Pneumonia is a lung inflammation usually caused by infection when the air sacs in the lungs fill with liquid or pus which interferes with the lungs' ability to transfer oxygen to the blood.
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Before the invention of antibiotics in the 1930s, pneumonia was a leading cause of death.
There are four basic types: community-acquired pneumonia, the most common type of pneumonia; hospital-acquired pneumonia (a serious condition because the hospital bacteria can be hard to treat); aspiration pneumonia (when liquids or other irritants are inhaled); and opportunistic pneumonia which occurs in people with weakened immune system.
Pneumonia is caused by many different organisms such as viruses, bacteria, fungi, and parasites. In adults, pneumonia is most often caused by bacteria (the Legionella bacteria was responsible for a well-known outbreak of pneumonia called Legionnaires' disease).
Young children are more likely to develop pneumonia from exposure to a virus and if they live with poultry they can get pneumonia because bird droppings carry an organism which can cause it.
The most important symptoms of pneumonia are shortness of breath, chest pain, cough, shallow breathing, fever and chills.
Coughs usually bring up mucus, also called sputum, which can be streaked with blood or pus. In serious cases, the patient’s lips or nail bed will appear blue due to lack of oxygen.
In the case of bacterial lung infections, which can develop over just a few hours, the temperature is high (up to 41C), and in the case of viral pneumonia it is moderate (up to about 39C).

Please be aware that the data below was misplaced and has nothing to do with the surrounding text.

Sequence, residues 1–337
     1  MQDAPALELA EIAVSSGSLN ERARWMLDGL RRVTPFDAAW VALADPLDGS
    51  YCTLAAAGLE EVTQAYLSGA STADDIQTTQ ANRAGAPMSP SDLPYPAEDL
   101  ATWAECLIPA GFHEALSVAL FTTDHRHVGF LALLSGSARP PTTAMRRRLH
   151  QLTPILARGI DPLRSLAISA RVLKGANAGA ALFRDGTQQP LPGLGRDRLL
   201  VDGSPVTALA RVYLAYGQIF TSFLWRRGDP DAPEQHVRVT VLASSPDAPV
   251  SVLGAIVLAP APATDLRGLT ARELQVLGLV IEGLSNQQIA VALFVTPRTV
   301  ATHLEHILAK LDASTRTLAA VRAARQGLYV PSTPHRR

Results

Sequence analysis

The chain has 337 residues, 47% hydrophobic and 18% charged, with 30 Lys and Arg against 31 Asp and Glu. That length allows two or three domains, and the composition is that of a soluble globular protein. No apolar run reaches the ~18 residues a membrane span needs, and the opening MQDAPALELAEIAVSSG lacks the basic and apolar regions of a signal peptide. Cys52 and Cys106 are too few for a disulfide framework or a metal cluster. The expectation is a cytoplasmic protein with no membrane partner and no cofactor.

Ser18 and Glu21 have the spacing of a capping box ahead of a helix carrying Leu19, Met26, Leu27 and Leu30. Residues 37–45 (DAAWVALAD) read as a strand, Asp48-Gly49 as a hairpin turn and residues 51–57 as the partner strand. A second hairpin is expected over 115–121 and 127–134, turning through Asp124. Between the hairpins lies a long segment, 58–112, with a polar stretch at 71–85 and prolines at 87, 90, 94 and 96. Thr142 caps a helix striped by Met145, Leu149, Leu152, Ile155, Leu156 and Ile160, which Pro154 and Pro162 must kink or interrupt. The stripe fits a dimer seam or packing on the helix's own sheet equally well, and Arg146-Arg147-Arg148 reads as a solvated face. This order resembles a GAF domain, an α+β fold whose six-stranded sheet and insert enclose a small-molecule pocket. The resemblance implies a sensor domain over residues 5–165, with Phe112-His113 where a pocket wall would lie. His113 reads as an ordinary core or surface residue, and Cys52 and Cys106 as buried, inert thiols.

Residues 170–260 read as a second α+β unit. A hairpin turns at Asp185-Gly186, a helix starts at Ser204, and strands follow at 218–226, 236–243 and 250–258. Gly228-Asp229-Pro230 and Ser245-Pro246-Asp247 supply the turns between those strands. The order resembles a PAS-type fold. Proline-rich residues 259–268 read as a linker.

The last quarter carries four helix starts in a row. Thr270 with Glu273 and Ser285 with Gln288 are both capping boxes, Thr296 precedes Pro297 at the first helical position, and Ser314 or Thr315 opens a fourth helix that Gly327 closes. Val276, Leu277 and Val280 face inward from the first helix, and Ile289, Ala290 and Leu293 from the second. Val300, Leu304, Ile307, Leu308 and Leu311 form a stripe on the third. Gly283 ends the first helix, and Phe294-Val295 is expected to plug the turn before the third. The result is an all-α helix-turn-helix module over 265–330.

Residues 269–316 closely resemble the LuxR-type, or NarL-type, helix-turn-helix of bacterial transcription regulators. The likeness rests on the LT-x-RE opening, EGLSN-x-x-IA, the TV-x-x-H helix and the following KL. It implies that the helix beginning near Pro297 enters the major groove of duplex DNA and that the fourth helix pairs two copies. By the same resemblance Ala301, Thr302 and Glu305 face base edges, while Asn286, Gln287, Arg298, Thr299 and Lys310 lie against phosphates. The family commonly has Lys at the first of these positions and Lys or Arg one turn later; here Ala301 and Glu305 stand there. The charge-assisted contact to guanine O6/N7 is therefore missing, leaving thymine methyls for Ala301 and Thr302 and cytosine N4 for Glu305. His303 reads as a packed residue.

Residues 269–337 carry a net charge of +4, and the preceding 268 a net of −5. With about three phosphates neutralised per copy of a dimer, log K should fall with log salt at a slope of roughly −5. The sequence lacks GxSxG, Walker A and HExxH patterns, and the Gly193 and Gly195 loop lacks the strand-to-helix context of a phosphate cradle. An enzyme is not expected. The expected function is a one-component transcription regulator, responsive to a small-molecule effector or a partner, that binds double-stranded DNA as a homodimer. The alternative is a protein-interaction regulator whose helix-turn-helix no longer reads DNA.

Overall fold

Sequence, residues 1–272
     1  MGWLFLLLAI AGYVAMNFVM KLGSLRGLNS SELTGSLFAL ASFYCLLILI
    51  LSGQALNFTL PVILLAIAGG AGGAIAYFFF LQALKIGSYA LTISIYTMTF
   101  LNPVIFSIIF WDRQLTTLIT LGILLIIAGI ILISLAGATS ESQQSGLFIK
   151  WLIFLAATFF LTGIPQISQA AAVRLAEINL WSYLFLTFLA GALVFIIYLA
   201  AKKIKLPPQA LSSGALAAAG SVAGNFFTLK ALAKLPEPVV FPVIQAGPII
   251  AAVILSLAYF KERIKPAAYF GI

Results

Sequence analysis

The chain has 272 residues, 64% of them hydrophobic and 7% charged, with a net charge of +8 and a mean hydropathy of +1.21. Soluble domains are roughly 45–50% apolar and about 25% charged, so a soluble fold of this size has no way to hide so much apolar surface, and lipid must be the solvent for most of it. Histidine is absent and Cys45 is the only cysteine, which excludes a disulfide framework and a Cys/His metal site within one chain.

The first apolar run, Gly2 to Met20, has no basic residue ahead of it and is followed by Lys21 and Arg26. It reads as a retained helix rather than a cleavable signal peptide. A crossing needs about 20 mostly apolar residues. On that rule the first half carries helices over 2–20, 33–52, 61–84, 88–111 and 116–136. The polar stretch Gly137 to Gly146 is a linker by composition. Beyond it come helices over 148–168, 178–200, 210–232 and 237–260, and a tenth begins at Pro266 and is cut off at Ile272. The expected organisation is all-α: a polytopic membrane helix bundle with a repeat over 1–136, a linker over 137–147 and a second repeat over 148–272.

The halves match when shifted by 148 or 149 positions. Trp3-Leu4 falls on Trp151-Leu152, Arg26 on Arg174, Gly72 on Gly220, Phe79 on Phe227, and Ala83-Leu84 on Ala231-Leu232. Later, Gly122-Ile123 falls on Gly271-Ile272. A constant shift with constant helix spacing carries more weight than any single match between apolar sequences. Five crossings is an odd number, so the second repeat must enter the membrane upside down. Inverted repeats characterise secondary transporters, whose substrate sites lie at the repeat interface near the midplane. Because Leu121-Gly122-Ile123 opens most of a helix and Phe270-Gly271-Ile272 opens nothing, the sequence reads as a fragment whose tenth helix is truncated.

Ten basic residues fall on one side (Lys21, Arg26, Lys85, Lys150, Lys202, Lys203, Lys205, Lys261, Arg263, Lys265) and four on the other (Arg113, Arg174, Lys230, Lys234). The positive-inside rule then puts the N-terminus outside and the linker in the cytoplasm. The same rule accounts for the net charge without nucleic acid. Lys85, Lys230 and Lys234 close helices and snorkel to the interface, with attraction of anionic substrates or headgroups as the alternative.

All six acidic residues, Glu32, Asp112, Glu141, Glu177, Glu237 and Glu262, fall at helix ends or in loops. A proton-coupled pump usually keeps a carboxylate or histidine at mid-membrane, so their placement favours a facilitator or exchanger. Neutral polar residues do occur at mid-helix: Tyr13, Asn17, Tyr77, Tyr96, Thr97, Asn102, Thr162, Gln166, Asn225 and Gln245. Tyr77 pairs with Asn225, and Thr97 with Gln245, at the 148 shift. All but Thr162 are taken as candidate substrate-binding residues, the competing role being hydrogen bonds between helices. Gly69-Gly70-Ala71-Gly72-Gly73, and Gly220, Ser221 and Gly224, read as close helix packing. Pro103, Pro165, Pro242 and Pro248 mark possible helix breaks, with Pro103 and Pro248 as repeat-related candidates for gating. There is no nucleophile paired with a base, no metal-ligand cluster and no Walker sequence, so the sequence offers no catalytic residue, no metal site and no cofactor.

There is wide-spread belief that 37.2C during several days is the sign of pneumonia but this is not true, that can be the sign of many health problems.
Any person exposed to the germs that cause pneumonia can develop it, but it is more likely to occur in people with weaken immune system because of an acute or chronic condition.
People stuck to bed, paralyzed persons, children under one year and elderly over the 65 years have increased risk of pneumonia and must pay great attention to symptoms.
Pneumonia is also the most common cause of death in patients hospitalized because of some other disease.
When the doctor diagnoses pneumonia, he will treat you depending on your previous health condition and pneumonia severity, but you will end up in bed, resting and drinking a lot of fluid, and using antibiotics depending on the type of pneumonia. The patients who have another disease or major difficulty breathing will stay in a hospital.
In the case of viral pneumonia there is no cure - the patient must simply wait for it to go away, using medicine to lower down the temperature.
It is important that if your child has pneumonia you should never give it aspirin, it can cause a serious health complications like internal bleeding in the stomach.
Most people recover from pneumonia completely, but some of them will develop complications no matter how good the treatment is.
The first way to prevent pneumonia is to eat plenty of fruits and vegetables, stay physically fit, and get enough sleep. This will keep your immune system strong. The second is to get vaccinated. There are no vaccines for most types of pneumonia, but the two most common types (influenza virus and pneumococcus) can be prevented with vaccines.
Another way to limit the spread of the viruses and bacteria that can cause pneumonia is to wash your hands frequently.
Since pneumonia can kill you, you should see the doctor immediately if you have a persistent cough, short breath, pain in the chest, fever that you can't explain - especially if it's around 39C and lasts for several days, if you feel worse after a cold or the flu, or if you cough up blood or oddly-coloured, foul-smelling sputum.
If you are older than 65 don't wait, see the doctor as soon as possible. ■